Keep a Girl in School by... Buying Her Pads?
Emily almost had to drop out of school. This young Kenyan woman was both a widow and a mother. It would be easy to imagine that one of these things caused her to drop out. And yet, neither of them were the reason. The reason that she came so close to never finishing her education was because of . . . her period?
This story is more common than you might think. Around the world, only 12% of women use sanitary pads (Plan). And that fact can be more devastating than you’ve probably ever imagined. Girls like Emily all around the world don’t have access to sanitary napkins, clean toilets, or hygienic ways to take care of their periods. This natural, regular part of a woman’s life can cause them to have to drop out of school, and cause them deep shame and embarrassment.
Around the world, only 12% of women use sanitary pads.
In many developing countries, there are taboos surrounding women’s menstruation. In Nepal, women on their periods are not allowed to touch or eat fruit or vegetables during their menstrual cycles, because it is believed that it will cause the food to rot (The Guardian). They are also not allowed to touch men during their periods, and often cannot attend religious functions. Sometimes, women are banished to a menstrual hut when they are on their periods (Greenhalgh & Doucleff). They have to sleep there, and the huts are often not well constructed or protected. Because of this, many women are afraid of being raped when they have to sleep there. And they have to sleep there several days of every month! Many of these countries have religious myths justifying their beliefs about the danger of menstruation (Greenhalgh & Doucleff). These myths drive the cultural taboos surrounding menstruation, which makes it even harder for women to combat these beliefs.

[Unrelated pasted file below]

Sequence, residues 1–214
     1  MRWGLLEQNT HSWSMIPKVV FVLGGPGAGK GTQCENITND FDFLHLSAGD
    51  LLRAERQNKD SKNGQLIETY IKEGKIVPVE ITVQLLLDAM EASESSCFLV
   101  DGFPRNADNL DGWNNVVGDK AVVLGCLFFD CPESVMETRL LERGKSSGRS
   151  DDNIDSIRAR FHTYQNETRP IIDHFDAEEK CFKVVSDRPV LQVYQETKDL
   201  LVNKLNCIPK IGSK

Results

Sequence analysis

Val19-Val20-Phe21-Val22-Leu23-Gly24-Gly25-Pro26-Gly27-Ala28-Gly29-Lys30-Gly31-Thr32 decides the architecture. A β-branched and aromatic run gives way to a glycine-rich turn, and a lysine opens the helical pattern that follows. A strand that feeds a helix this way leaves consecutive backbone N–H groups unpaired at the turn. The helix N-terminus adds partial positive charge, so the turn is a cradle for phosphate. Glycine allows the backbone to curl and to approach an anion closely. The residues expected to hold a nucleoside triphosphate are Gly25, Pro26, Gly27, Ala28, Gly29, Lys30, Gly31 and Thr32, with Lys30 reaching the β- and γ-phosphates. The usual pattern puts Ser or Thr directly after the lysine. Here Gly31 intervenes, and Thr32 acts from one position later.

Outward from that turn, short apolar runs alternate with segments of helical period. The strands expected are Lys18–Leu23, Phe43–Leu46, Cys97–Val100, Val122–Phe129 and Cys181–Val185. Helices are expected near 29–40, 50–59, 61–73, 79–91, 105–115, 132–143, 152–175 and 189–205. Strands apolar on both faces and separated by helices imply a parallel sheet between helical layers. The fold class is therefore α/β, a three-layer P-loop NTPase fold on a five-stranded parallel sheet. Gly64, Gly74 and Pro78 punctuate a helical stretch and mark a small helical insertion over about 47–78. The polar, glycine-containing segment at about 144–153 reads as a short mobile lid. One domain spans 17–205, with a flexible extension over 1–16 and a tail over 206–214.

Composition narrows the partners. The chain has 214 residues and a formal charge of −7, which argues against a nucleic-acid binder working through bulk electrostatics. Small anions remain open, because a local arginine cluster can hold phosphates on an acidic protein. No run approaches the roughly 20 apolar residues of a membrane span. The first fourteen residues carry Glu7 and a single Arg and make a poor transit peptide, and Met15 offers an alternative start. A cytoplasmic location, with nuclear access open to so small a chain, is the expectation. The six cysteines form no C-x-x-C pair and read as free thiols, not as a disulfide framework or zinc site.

Because of all of these taboos, menstruation doesn’t really get discussed. One study found that 70% of women in India didn’t have a close family member talk to them about menstruation before it happened (Schechtman). When it did happen for the first time, these poor girls had no idea what was going on. And even after they understand what is happening, taking care of it every month is extremely difficult. Most of these women don’t have access to sanitary pads, so they resort to using other things. Most end up using unsanitary rags, but some even use things like ashes or husk sand (Sinha). Those who use rags don’t always adequately wash them. They also have to let them dry in out of the way places (so that men don’t have to see the rags), which often leads to the rags never drying out properly. And these poor levels of hygiene lead to widespread vaginal and urinary infections among these women (UNICEF).
In Nepal and Afghanistan, 30% of girls miss school when they get their period, and in Sierra Leone, 23% of girls miss school because of their period (Her Turn). The taboos surrounding menstruation and the lack of sanitary pads are definitely part of why this is. But another reason for this is that many of the schools these girls attend don’t have safe and private bathrooms. Right now, in the least developed and most low-income countries, only 45% of schools have adequate toilets (Her Turn). Many of these bathrooms don’t have doors, and don’t have separate bathrooms for men and women. Because these girls don’t have adequate tools and no safe place to take care of menstruation, they just don’t go to school when they’re on their periods. Eventually, many of these girls end up missing so much school that they drop out.